We arrive at the water. There's a large number of mokoros ready for us. Some of the mokoros are loaded with luggage and the rest is for us, with a little luggage. A female punter approaches us and gestures we should follow her.
We only take our camera backpack with us, the rest ended up on other boats. Because of this, our boat does not lie very deep in the water. But now and then it rocks and initially I'm afraid we'll capsize.
An elephant skeleton lies where we can see it from the boat.
Our punter allows us to stand on the mat and therefore we are among the few whose behinds stay dry. Some people are in less stable mokoros or are much heavier, and they have to change several times to other mokoros.
Finally we reach our destination. A large open spot surrounded by trees. If one thought to be in the jungle, it's a disappointment when a truck appears. We are not allowed to take walks by ourselves here, because it's too dangerous.
We go on a hiking safari in a group of eight people with two guides. Unfortunately we only see two elephants and a baboon who lets himself fall from a palm tree as soon as he hears us. One of the elephants shows nicely how it shakes fruit from a palm tree with its trunk.
For dinner we have a vegetarian curry which unfortunately mainly tastes like koriander. Around 9:30 we go to sleep. The punters will keep the fire going.
Our guide has a scary story about snakes. Last week a puff adder snuck under a tent and was discovered when they were taking down the tent. The guide caught it and let it loose in a field, so people could take pictures.
In the middle of the night we hear lions roar far away. Immediately one of the punters wakes up and stokes up the fire. We hear a few more roars, which are soon drowned out by the snoring of one of the punters, my cue to put in earplugs.
Vultures nibble on the remains of a giraffe
Next morning we leave early for another game walk. We walk for one and a half hours without seeing even one animal.
Then, finally, we see a baboon, but it's far away. But we get a good look at how he pulls a bunch of coconuts from a palm tree and eats them.
We spot an elephant, which keeps walking away from us. Next we see a group of impalas, again at a great distance. There are beautiful termite mounds in this area.
Two elephants show us how to pick fruit from a palm tree. Maybe they're the same ones we saw yesterday? The elephants are accompanied by a few impalas.
One of the guides sees a flock of vultures flying. They're far away, but we follow them as fast as we can.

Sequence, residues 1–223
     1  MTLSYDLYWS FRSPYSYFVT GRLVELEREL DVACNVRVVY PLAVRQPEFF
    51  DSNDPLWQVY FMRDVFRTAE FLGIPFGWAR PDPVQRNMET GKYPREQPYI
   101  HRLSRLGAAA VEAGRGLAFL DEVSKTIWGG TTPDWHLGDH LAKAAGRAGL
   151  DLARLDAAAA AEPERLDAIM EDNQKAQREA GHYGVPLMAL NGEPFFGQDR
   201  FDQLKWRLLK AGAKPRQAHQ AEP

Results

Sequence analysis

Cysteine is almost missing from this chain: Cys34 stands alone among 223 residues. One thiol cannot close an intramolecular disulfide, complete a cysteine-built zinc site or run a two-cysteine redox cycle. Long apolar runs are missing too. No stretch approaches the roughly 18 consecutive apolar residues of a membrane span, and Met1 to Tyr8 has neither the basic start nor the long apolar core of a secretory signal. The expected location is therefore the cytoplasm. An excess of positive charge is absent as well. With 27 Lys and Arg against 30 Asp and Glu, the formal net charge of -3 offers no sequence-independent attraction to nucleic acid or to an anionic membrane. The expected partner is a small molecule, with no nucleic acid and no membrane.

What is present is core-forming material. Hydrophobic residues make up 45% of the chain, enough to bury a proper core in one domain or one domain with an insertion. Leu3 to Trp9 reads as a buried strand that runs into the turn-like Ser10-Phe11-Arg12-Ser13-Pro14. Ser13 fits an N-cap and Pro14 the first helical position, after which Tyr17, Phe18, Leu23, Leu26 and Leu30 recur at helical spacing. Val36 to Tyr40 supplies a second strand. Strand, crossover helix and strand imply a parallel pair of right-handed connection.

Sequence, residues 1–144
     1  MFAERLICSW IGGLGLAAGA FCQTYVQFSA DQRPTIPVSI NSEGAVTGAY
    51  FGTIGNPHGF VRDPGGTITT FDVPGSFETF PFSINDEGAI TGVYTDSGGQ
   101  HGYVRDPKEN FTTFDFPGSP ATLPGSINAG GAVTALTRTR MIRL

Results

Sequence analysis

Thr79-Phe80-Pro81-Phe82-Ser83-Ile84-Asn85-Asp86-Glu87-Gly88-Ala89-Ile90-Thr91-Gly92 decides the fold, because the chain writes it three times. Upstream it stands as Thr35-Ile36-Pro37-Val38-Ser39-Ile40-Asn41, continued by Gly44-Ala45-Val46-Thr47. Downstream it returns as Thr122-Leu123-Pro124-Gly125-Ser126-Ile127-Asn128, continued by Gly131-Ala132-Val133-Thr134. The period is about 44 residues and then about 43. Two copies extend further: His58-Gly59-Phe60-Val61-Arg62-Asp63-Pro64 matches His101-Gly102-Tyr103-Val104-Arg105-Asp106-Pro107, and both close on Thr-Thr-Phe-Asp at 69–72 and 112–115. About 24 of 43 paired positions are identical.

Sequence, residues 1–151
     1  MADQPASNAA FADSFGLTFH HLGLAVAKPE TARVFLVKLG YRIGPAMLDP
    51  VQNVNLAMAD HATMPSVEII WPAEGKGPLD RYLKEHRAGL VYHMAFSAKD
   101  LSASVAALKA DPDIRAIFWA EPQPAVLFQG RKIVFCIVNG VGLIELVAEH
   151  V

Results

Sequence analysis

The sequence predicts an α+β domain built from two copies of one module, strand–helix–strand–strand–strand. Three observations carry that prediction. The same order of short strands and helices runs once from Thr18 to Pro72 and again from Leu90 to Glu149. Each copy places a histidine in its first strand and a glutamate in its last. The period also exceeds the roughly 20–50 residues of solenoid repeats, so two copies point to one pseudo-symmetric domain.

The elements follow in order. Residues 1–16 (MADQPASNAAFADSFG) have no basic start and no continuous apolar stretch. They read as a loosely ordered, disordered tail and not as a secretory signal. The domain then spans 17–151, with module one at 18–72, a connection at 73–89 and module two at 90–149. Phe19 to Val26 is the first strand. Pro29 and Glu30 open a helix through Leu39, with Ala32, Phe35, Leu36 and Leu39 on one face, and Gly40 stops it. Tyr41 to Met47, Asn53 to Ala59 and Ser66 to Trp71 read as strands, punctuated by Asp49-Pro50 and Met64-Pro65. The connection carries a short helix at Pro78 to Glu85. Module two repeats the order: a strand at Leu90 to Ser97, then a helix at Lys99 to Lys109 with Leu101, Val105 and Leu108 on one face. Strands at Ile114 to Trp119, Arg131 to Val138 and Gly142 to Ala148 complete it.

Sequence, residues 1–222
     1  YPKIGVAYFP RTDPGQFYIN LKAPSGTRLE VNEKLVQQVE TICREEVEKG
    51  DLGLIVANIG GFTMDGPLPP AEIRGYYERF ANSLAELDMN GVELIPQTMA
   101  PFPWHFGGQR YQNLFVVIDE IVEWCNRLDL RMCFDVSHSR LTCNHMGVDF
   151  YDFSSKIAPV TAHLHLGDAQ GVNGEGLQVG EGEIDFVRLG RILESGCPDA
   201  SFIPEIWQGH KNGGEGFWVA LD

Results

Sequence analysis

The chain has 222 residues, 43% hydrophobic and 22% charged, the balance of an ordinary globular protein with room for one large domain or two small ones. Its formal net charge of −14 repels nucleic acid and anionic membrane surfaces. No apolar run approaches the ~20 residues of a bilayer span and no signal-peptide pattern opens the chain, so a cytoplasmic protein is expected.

On the way we see four kudus and a group of impalas. We get closer to the vultures; there's a whole bunch of them.
The guide discovers lion footprints. We pass its prey, which is meanwhile being devoured by the vultures. We can't make out what kind of animal it is. We keep following the lion tracks. At a distance, we see a lion by a shrub. Twice we see it again through the shrubs. The last time at a distance of less than 20 meters; it looks directly at me! Then it bails.
We follow the tracks for a while. According to the guide it went back to the carcass. So we go there, too. It turns out to be a giraffe.
Unfortunately, the guide walks right up to the carcass, so the vultures fly up. They stay nearby, but are afraid to come back and sit on the carcass as long as we're around.
By the end of the afternoon we can choose between another walking safari or a boat ride with the mokoros. We prefer walking, like most of the others. We return to the giraffe carcass. On the way, I spot a warthog. I'm the only one who's seen it.
By the carcass we sit down and wait for lions. Again we scare off the vultures and they stay in the trees. We hear a jackal, but the lions don't show. Just before sunset we return to the camp site, because it's dangerous to be out in the dark.
At night, the punters sing and dance. It's neat. Too bad that some in our group imitate their dancing in a ridiculous way. I feel vicariously ashamed.
Flying over the delta
Especially the extra circle above a group of giraffe is great
This morning we leave in the mokoro. On the way we see a watersnake, lying in the reeds and one of the punters has us eat the roots of some kind of reed. It tastes like a watery, almost tasteless radish.
We return to our camp site in Maun. We take some punters and much of their stuff with us. They leave us when we arrive in the village. The drive back seems much longer.
During lunch there's a little riot because there isn't enough food once more. It's always the same people who get their food first and fill their plates as if there is no one else. So the last ones get little or nothing. Group travel!
In the afternoon we fly over the delta. Mostly over the biggest island of the Moremi Game Reserve.
We see many elephants, giraffe, zebras, buffalo and hippos and a couple of impala herds. The pilot also points out alligators, but I can't see them. Especially the extra circle we fly above a group of giraffes we love.
We drive over 500 kilometers today. Everything goes well. We drive in a landscape with low trees and shrubs. It is somewhat monotonous. A lot cattle roam free: horses, donkeys and cows. On the border we all have to fill out a form and have our passports stamped. Then we are in Namibia.